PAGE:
Tout schuss: the history of skiing.
The man of the 21st century defies the survival instinct by hurtling down the ski slopes for more than 100km.
The history of skiing is having boards under your feet and one or two poles in your hands date back several thousand years. Historians have found wooden skis dating back 4’000 or 5’000 years in Sweden. They would thus be older than the Pyramids of Egypt!
We can imagine that as soon as the man was able to walk and lived on the snowy ground, he used skis.
Skiing allowed many humans to be fast on the snow to hunt, therefore, to survive.
Skiing would have been born in Mongolia, almost 10’000 years ago. Even today, the Mongolian nomads perpetuate the customs of their ancestors, who were among the first to put on skis. They repeat the same gestures and make identical skis: two wooden boards covered with reindeer skin, attached to the feet by straps. Every winter, the nomads organize traditional races to reaffirm their origins.
But the peoples of Mongolia are not the only ones to claim this paternity.
As early as the Middle Ages, we find representations of skis in books in Central Asia, Scandinavia, Russia. We discover that skis were already used by Norwegian soldiers to make war.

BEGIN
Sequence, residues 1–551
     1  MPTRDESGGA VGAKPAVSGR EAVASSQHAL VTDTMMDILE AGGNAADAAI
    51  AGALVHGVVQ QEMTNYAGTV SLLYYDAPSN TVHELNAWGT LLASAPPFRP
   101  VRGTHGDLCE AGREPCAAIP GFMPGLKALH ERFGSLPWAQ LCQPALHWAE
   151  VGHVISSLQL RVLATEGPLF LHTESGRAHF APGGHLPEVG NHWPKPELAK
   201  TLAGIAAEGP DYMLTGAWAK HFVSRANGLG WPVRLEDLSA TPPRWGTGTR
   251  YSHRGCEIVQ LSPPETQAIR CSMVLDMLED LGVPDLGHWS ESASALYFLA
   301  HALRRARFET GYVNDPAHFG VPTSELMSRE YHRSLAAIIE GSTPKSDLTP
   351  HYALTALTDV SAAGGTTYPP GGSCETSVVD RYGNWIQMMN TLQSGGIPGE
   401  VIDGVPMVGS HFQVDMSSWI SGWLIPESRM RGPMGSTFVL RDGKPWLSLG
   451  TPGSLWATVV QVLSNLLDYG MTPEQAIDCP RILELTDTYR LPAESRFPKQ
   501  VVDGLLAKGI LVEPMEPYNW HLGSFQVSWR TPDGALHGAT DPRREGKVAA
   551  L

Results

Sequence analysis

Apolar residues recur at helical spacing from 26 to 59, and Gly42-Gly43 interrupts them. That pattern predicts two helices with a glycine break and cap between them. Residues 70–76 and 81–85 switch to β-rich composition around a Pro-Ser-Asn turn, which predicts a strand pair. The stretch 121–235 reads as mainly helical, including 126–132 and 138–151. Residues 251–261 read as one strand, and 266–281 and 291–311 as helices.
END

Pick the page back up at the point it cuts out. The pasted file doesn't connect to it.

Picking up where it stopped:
At that time, the snow covered an important part of the territory and men used skis to hunt and move faster.
Skiing is therefore not a recent invention – man has always needed to travel on snow to hunt – but its development dates back to the first crossing of Greenland (a land still totally unknown at that time) by the brilliant Norwegian scientist Nansen, in 1888. The crossing will be made from East to West with light equipment after 49 days of adventure. This expedition will be then very mediatized and will help to the democratization of the ski in the world. Its method developed at the time is still used today by the greatest explorers to probe our planet.
At the end of the 19th century, thanks to Nansen, these long wooden boards became popular as far as the Alps.